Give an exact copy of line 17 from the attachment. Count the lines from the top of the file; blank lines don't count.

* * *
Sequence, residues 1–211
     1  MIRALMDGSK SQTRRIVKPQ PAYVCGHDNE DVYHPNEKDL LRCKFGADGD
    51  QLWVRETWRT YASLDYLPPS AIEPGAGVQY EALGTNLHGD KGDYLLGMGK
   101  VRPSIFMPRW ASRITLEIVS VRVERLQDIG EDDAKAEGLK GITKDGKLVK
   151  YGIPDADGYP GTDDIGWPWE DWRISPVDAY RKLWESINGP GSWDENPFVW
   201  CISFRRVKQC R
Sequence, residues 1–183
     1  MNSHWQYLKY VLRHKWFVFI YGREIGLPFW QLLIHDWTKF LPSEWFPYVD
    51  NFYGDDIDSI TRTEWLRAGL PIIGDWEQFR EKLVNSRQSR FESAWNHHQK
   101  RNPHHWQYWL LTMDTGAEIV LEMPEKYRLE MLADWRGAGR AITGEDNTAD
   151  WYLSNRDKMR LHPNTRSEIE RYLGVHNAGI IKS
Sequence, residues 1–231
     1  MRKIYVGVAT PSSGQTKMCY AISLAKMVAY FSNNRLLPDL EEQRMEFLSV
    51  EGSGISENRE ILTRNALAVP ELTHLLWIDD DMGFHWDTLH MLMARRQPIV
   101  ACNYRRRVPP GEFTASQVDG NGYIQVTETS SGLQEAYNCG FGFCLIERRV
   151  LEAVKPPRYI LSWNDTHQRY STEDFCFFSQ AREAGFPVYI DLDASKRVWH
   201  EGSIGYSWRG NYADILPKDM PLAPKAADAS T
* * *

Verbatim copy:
   201  EGSIGYSWRG NYADILPKDM PLAPKAADAS T